This week: Lisa has a new job – wooo! So we’re talking about how we might go about finding a new role in support, preparing for the interview and making sure the salary and perks all add up.
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If you enjoy the episode, please do hit that subscribe button to keep us in your life. Already subscribed? Thanks – you’re the greatest! If you feel like leaving us a review in any of the platforms above, that would make us so happy. Remember to give us a five star rating (or the honest rating that you think we deserve), and tell us about your favourite breakfast food.
First and most importantly, what did we have for breakfast?
- Sarah had herby mushrooms on toast
- Dave is going to have scrambled eggs using cooking tips from a Freakonomics Podcast episode
- Conor had porridge with banana raisins cinamons
- Kiwi Sarah had porridge with chocolate rooibos tea in it! WOW
- Lisa had cheese on toast (which is amazing)!
This week’s Customer Support stories
Conor was with his wife in a comic book store, and the sales assistant repeatedly ignored Alana and kept addressing Conor, and pretty much missing the whole point of the conversation. Such a missed opportunity! Conor is only reading work by female authors this year and it could have been such a great experience to dive in to that. (If you’re curious to hear about female authored comic books, Lisa has many, many ideas and you should totally tweet her for advice @gentlethorns)
This is depressingly common… when Lisa asks for advice in a DIY store, the assistant addresses her husband (who knows nothing about DIY). Ordering drinks? Gin and tonics will be delivered to women and beer to men! Flat whites are for girls and long blacks are for boys! Ugh.
On a happier note, Nomad Sarah spotted Tim Horton’s UK launch with their social team responding to every single customer, they’re totally on top of it! It’s been a really nice twitter feed to follow along with!
In the angrier side of life, Dave was working with a frustrated customer writing in ALL CAPS and got a little disheartened when after some back and forth (and getting everything pretty much fixed up) the customer was still using all caps and an angry tone. Luckily he had Buffer friends and Expensify friends for support ❤
In the mail bag!
Chelsea tweeted us some love 🙂
Lisa is welcoming new listeners from Moz!
If you join us for breakfast, you can also collect a Support Breakfast sticker (because we love swag!) but don’t worry if you can’t make it, we can also send you a sticker the old fashioned way, using the postal system. Reach out via twitter or drop us a line to firstname.lastname@example.org and we’ll pop one in the post box for you.
You should also email us with your thoughts, suggestions, topic ideas, feedback and requests – help us make the show better! We also love gifs so feel free to send us those too.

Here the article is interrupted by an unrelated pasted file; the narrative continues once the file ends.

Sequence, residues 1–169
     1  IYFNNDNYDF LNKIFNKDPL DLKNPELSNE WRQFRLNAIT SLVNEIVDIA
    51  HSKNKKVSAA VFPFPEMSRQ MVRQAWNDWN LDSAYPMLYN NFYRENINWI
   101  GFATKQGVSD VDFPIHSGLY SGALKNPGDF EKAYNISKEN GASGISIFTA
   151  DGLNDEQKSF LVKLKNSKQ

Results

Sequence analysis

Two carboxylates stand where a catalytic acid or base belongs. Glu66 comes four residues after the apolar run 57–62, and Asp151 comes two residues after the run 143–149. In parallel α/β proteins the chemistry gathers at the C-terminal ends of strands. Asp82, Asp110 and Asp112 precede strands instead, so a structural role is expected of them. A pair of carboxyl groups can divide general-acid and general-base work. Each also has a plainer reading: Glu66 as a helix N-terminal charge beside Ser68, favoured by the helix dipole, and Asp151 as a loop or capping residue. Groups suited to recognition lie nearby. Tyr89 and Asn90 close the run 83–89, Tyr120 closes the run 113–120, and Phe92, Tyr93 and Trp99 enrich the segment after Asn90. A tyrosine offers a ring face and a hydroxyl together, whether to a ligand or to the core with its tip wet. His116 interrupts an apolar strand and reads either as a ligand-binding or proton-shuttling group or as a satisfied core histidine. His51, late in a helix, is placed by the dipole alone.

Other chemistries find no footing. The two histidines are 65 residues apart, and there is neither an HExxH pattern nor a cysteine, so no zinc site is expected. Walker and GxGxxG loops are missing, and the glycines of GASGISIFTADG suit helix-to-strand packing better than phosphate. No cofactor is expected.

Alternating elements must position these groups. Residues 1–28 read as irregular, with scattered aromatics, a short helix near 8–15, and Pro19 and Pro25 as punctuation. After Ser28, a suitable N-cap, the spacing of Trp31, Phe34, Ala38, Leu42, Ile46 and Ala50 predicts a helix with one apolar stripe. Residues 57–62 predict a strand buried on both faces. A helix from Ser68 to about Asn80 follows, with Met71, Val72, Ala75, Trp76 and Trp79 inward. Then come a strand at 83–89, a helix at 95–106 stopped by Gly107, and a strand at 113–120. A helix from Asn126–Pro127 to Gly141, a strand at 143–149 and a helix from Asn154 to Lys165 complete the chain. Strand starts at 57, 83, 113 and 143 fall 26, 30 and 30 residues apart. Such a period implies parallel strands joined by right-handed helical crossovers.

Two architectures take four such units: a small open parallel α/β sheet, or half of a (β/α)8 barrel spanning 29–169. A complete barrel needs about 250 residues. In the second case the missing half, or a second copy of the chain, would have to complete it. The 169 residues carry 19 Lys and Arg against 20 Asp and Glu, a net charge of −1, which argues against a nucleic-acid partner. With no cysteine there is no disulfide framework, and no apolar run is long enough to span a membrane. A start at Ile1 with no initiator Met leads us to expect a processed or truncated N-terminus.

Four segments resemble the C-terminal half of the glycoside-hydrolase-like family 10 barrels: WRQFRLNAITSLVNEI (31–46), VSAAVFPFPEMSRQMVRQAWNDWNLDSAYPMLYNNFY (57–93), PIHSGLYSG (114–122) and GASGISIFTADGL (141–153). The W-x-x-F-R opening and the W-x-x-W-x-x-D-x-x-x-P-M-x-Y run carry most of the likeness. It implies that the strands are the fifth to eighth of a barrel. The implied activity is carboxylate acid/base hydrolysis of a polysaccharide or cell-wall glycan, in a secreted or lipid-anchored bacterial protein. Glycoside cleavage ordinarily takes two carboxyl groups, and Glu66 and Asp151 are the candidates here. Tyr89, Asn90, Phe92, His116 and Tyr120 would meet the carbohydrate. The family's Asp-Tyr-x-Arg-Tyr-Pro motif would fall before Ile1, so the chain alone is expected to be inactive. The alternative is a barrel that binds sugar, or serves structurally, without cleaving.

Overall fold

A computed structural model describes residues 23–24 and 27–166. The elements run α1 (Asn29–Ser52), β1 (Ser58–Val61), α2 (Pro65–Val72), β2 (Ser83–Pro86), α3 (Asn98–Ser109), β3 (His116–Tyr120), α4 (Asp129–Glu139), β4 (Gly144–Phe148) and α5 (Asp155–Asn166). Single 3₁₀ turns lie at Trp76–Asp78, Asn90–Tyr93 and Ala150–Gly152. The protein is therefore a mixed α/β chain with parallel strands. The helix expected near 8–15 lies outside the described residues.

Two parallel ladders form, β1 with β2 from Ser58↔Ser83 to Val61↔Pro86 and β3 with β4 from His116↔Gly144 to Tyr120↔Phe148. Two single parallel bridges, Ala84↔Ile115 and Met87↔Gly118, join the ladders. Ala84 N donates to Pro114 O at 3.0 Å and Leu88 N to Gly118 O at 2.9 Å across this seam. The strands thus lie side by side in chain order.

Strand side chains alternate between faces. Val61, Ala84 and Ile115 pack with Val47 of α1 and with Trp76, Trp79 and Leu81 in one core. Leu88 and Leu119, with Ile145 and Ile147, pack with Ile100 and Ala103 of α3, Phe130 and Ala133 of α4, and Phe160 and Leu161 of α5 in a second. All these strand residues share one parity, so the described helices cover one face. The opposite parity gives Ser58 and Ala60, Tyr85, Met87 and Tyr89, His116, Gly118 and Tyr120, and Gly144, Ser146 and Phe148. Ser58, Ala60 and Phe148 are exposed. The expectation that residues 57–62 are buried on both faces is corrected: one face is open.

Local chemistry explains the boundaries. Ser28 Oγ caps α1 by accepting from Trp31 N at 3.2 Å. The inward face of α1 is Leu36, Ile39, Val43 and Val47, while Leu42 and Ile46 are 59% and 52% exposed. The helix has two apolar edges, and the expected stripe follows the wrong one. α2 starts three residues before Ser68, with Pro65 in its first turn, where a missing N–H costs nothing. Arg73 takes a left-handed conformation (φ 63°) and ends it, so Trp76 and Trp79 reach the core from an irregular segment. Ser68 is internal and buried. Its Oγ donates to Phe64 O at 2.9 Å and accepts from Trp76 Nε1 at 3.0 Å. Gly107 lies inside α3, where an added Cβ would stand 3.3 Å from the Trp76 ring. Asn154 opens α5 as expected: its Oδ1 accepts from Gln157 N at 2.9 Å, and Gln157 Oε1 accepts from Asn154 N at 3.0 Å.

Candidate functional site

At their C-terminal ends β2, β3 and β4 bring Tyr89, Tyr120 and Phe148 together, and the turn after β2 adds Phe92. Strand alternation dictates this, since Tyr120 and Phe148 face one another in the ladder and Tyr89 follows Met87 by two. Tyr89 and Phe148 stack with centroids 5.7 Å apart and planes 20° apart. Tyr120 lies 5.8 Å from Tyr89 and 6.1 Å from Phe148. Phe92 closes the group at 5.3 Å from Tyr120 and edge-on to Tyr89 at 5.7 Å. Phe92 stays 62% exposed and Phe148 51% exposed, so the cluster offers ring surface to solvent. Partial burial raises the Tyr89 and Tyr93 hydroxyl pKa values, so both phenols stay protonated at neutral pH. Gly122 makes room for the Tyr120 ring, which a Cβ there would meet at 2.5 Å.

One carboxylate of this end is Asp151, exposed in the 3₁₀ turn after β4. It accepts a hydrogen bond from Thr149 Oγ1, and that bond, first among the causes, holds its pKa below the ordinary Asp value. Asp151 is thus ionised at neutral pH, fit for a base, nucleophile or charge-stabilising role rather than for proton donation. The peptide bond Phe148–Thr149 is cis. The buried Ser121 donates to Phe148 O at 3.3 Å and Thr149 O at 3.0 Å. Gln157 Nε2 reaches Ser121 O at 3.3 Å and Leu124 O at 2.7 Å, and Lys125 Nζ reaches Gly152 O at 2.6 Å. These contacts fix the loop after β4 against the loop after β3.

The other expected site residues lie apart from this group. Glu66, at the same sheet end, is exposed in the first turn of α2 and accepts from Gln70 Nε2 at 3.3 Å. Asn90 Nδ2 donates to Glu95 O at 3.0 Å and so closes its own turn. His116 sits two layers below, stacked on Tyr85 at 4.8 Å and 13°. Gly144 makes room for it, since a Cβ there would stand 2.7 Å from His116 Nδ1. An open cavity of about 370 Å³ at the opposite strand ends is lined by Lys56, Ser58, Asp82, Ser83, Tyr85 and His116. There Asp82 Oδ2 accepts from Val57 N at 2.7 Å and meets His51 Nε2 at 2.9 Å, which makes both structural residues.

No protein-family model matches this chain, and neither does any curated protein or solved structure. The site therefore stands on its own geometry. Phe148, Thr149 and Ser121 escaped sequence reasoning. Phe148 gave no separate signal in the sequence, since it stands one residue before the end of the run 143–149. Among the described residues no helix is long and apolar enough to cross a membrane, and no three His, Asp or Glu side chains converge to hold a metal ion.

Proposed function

On to the topic of the week…
We’re talking this week about the way we might look for a new role and prepare for that. Here are some thoughts on the first steps of checking out your prospective new role
- Conor – be a customer, engage with the company. Also, read between the lines in the job description
- Lisa – who has literally just done all of this, recommends asking someone who works there some questions if you have a contact on the inside
- Dave – check out their social support
- Nomad Sarah – look on their website – Are the support team visible? Are they authoring blog posts?
- Kiwi Sarah – definitely look for the red flags in a job description!
Where might you look?
Beyond salary, what perks, benefits or stock options should you be considering? Perks can indicate that a company is making an effort to care for their employees. What if the cost of these were just part of your salary instead? We talk about wellness stipends, and Personal Learning funds. These can shine a light on culture, sometimes you’d rather have the money! When it coes to equity – we recommend seeking professional advice on what options and equity mean when making a decision on this!
Preparing for interview! Kiwi Sarah recommends reading the companies material to learn the voice and tone. Find out what tools they use. Review what you’ve achieved and learned in your previous role, projects you’ve been involved with, and keep track of positive feedback you’ve received. Kiwi Sarah calls this a warm fuzzies list and it can be a great thing to check back on if you’re having a poop day.
Stalk your interviewer on LinkedIn!
What if you want to pursue a role in support but don’t have a support background? Don’t sweat it – support people benefit from life experience, it helps when working with a diverse customer base! Spotlight the things that make you interesting, and share what might make you a great person to work with.
Key skills we think are important? Last weeks podcast!
If you’re excited about the company you’re interviewing with, share that passion openly.
Go ahead and apply for jobs where you don’t tick all the boxes. If you can show that you’re a learner, and in previous roles you’ve grown, that can show that you’re willing and able to grow, that can be exciting for an employer to see how you’ll develop and become a better fit.
Negotiate! Understand your value and don’t be afraid to push for that value to be recognised!
- Discover DevTools with Code School. Fun and helpful way to expand your tech skills
- Listen to The Broad Experience Podcast
As always, you can get in touch with us at email@example.com, find us on the internet at supportbreakfast.com or tweet at us @supportbrekkie.
Our intro (and outro!) music is (still) the brilliant Drops of H2O (The Filtered Water Treatment) by J.Lang (c) copyright 2012 Licensed under a Creative Commons Attribution (3.0) license. Ft: Airtone. It is (still) not Drops of Jupiter by Train, but if you like that song, you can listen to it here. Nor is it by J.D. Lang.